by Ashley Kasardo, Psy.D.
You look great, have you lost weight? I’m so fat. I shouldn’t eat that. I don’t think of you as fat. Have you seen how much weight she’s gained? You have such a pretty face, though.
Sound familiar? Probably, given how pervasive this kind of body-based talk is. Fat talk, as it’s commonly called, involves critical conversations about one’s own and other’s bodies or eating behaviors. Conversations might be about fears of becoming or looking fat, exercise habits, or comparing one’s eating to others. Part of why thinking about this talk is so important is that while it occurs on an individual level, it frequently exists within relationships, between friends, family, co-workers, and even strangers.
Engaging in fat talk is a way to indicate that you are concerned about your appearance because cultural health and beauty standards (i.e. the thin ideal) dictate that you “should” be. I can relate to this both personally and professionally. Personally, I used to deal with my own body insecurity by commenting on it before others, in my mind, had the chance. I also witness fat talk in my interpersonal circles on a frequent basis. I remember attending an ice cream social as part of a work function where someone commented that it was good that we had gotten physical exertion earlier in the day because now we “deserved” ice cream.
Participation in fat talk is related to increased body dissatisfaction, depression, and pressure to be thin. There are a variety of motivations for engaging in fat talk:
- Masking true feelings
- Excusing behavior (for instance, right before eating)
- Gauging how others feel
- Calling for support and affirmation about one’s body
- Reaffirming group solidarity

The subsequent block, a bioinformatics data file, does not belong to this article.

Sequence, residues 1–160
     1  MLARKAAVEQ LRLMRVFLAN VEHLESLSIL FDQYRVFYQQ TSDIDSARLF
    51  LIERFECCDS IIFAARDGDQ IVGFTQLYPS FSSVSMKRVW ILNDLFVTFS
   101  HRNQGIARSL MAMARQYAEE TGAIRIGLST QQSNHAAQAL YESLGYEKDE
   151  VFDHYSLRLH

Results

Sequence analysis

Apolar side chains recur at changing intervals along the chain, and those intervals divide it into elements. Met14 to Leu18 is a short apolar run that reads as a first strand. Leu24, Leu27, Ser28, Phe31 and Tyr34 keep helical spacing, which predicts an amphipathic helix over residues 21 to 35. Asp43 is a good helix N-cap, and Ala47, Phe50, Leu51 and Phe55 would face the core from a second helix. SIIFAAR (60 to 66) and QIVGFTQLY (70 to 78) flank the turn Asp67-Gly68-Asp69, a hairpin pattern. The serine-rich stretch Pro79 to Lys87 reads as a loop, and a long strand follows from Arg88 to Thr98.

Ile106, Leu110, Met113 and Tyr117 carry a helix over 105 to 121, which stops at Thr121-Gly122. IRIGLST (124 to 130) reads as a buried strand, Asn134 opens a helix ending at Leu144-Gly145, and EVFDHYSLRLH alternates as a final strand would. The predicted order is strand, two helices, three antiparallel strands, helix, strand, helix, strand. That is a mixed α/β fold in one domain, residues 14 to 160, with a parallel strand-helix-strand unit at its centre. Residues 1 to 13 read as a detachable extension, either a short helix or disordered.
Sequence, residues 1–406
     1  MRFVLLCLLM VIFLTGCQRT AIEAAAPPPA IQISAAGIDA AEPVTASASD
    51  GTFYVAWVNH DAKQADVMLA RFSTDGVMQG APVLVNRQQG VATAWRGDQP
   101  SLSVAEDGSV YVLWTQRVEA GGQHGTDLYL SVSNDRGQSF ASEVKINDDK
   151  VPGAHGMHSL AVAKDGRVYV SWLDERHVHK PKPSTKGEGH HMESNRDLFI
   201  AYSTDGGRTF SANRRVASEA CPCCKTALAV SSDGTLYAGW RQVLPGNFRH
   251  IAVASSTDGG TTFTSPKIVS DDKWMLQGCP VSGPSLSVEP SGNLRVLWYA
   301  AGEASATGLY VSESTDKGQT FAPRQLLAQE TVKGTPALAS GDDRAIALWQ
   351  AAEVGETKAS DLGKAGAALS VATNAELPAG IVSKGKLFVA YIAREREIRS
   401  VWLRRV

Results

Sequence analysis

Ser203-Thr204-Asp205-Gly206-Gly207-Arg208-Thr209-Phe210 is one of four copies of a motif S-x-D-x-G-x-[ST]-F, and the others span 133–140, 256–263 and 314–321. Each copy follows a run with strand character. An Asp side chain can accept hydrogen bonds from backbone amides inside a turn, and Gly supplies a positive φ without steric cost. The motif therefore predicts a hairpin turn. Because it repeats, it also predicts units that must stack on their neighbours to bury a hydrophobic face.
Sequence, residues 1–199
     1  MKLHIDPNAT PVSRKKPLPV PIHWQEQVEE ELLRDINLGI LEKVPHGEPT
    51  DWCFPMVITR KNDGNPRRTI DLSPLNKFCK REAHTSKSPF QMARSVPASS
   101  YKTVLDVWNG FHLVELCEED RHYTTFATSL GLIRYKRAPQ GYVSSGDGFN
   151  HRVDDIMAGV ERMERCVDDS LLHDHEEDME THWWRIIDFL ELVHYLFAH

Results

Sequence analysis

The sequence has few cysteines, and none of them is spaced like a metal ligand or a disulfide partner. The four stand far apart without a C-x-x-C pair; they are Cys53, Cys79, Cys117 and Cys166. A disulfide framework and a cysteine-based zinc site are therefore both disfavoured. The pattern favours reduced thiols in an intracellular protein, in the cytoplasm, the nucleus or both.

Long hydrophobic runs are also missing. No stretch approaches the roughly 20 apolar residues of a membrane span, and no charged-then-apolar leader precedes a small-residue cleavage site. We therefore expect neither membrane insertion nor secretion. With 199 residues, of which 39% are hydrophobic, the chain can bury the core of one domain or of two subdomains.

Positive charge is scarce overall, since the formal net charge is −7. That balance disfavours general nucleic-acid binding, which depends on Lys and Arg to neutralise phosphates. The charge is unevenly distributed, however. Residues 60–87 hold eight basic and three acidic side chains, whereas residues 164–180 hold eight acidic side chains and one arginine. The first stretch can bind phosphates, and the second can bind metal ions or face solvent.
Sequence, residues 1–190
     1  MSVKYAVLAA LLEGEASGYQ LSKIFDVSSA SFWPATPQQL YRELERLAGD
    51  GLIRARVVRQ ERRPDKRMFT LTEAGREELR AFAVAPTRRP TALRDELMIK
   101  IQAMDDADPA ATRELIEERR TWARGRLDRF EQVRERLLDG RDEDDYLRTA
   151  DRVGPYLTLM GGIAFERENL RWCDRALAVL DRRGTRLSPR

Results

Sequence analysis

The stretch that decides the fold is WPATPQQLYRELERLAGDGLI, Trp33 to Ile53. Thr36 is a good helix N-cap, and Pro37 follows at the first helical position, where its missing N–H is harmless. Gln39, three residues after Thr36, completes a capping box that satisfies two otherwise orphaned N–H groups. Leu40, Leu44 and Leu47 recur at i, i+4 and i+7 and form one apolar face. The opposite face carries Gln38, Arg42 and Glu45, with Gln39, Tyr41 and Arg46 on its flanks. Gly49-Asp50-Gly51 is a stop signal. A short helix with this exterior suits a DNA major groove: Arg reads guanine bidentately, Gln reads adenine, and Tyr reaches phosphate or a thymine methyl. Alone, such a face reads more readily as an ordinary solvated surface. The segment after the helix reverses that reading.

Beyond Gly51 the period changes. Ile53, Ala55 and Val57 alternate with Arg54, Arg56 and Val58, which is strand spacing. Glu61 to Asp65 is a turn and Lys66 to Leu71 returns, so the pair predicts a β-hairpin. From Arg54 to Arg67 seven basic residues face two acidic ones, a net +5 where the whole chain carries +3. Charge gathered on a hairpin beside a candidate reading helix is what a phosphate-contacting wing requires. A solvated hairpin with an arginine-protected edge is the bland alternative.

Awareness about these instances and the frequency with which these conversations occur is one of the first steps toward being able to change and challenge the dialogue. As a fat person, I am struck by the amount of fat talk that occurs around with me with no apparent regard for how I might react to having fat bodies put down when I am there. When people talk negatively about fat bodies, I wonder how they must perceive me.
Making disparaging comments about being fat or complimenting weight loss is unfortunately quite common. Although it is seen as a way for people, especially women, to build connection over body dissatisfaction, it is, in fact, psychosocially damaging. Therefore it is so important not to become desensitized to these conversations. Fat talk is insidious. Fat talk is stigmatizing. Fat talk exemplifies what is known as a microaggression.
Microaggressions are subtle, often brief exchanges, intentional or not, that send denigrating messages to individuals due to their group membership. For example:
- “She’s so fat- it’s unhealthy.” Equates fat with being unhealthy, which is untrue. Assumes one’s health based on physical appearance. As fat activist Marilyn Wann said, “The only thing that anyone can diagnose with any certainty, by looking at a fat person, is their own level of stereotype and prejudice toward fat people.”
- “You’re not fat- you’re beautiful.” Equates attractiveness with the thin ideal. Sends the message that fat and beauty are mutually exclusive. Bashes fat as a descriptor and makes it difficult for someone to own fatness as a part of their identity without derogation.
- “I’m not eating that- I don’t want to get fat.” Makes eating a moral choice- you’re good or bad if you eat certain foods. Equates eating certain food with getting fat, or the idea that if you just act “right” you can control your weight. This isn’t the case for many, especially considering the role of genetics and one’s individual fat set point in their body. Research shows fat people do not eat more compared to anyone else.